Spanish austerity cuts put lives at risk, study finds

Thu Jun 13, 2013 6:58am EDT
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By Kate Kelland

LONDON (Reuters) - Austerity cuts in Spain could lead to the effective dismantling of large parts of its healthcare system and significantly damage the health of the population, according to a study published on Thursday.

Researchers who analyzed the situation warned that if nothing was done to reverse the trend, Spain risked spiraling health problems and could see increases in infectious diseases such as tuberculosis and the virus that causes AIDS.

As part of the analysis, interviews were conducted with 34 doctors and nurses across Catalonia in northern Spain. Many reported feeling "shocked", "numbed" and "disillusioned" about the cuts, and some expressed fears that "the cuts are going to kill people", the researchers said.

"For five years, policies to address the financial crisis have focused almost entirely on economic indicators," said Martin McKee, professor of European Public Health at the London School of Hygiene & Tropical Medicine (LSHTM), who co-led the study. "Our paper sheds light on the burden of human suffering that has followed from these policies."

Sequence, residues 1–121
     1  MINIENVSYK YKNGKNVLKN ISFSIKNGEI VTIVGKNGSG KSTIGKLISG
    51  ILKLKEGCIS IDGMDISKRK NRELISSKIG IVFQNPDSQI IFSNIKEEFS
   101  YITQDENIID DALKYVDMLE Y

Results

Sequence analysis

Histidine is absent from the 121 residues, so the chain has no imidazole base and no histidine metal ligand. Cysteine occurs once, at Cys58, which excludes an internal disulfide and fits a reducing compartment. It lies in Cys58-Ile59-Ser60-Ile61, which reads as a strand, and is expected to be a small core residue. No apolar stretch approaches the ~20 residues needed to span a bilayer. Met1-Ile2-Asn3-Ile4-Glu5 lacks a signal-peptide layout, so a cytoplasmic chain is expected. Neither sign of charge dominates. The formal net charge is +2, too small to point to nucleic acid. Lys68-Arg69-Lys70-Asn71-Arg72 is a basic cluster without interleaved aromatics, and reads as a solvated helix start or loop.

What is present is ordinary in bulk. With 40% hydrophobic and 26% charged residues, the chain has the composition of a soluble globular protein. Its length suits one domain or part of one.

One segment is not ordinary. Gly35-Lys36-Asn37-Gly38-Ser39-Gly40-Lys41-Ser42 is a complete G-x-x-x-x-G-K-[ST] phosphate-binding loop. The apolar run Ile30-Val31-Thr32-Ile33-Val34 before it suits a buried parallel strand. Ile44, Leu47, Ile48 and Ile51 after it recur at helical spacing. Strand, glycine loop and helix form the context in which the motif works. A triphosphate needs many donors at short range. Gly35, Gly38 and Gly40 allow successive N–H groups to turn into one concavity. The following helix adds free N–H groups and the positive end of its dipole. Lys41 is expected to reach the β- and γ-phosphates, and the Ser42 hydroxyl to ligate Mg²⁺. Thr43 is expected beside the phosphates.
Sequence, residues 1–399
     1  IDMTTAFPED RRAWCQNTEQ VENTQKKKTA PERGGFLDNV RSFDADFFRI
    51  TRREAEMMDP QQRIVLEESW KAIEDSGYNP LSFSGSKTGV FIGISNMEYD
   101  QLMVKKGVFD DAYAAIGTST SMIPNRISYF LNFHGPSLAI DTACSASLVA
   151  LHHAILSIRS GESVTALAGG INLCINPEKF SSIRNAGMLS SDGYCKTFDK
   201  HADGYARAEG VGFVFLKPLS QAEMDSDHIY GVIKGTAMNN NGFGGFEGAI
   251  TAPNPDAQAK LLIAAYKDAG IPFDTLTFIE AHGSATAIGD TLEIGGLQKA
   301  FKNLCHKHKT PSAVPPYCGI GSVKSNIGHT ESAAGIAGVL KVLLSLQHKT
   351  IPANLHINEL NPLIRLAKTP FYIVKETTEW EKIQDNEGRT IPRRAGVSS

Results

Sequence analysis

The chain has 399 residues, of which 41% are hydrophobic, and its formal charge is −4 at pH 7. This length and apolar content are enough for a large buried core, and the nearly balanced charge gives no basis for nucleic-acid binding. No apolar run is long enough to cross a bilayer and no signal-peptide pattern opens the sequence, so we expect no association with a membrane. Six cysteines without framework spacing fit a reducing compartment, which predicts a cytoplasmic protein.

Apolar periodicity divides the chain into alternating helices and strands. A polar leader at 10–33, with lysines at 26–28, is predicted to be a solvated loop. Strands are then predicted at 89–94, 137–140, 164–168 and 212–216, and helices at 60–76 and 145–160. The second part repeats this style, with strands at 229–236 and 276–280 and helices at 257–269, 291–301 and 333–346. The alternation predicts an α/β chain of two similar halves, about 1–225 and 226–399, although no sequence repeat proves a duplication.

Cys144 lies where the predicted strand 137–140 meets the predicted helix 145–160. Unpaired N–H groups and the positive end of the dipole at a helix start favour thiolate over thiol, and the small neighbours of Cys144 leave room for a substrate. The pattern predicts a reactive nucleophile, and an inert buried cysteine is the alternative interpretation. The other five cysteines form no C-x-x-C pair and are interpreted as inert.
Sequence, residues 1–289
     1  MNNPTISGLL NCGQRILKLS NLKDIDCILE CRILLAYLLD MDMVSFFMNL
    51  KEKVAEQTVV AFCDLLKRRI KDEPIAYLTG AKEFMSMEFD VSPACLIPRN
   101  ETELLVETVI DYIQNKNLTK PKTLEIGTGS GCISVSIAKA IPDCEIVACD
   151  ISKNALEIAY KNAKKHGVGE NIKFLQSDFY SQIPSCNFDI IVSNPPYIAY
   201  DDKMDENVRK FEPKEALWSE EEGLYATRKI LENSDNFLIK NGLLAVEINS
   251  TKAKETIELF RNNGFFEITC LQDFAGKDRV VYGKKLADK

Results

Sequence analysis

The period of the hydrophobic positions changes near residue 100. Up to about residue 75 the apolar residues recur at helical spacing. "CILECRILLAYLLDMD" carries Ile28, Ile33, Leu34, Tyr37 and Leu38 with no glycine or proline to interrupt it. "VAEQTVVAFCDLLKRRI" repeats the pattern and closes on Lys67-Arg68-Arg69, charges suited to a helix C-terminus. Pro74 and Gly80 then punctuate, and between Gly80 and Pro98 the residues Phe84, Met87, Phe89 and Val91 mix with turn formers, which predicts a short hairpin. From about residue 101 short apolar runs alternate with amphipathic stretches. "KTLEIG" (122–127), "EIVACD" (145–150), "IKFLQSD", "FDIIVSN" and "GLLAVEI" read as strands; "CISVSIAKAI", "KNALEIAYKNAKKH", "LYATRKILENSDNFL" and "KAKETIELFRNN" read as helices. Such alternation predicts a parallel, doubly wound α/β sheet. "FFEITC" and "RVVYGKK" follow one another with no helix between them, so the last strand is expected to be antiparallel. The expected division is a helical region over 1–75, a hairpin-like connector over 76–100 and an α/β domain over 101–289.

The study published in the British medical Journal (BMJ) found that Spain's national budget cuts of almost 14 percent and regional budget cuts of up to 10 percent in health and social services in 2012 have coincided with increased demands for care, particularly from the elderly, disabled and mentally ill.

The researchers also noted increases in depression, alcohol-related disorders and suicides in Spain since the financial crisis hit and unemployment increased.

"If no corrective measures are implemented, this could worsen with the risk of increases in HIV and tuberculosis — as we have seen in Greece where healthcare services have had severe cuts — as well as the risk of a rise in drug resistance and spread of disease," said Helena Legido-Quigley, a lecturer in Global Health at LSHTM who worked with McKee.

The findings in Spain chime with other studies in Europe and North America which found budget cuts had a devastating effect on health, driving up suicides, depression and infectious diseases and reducing access to medicines and care.   Continued...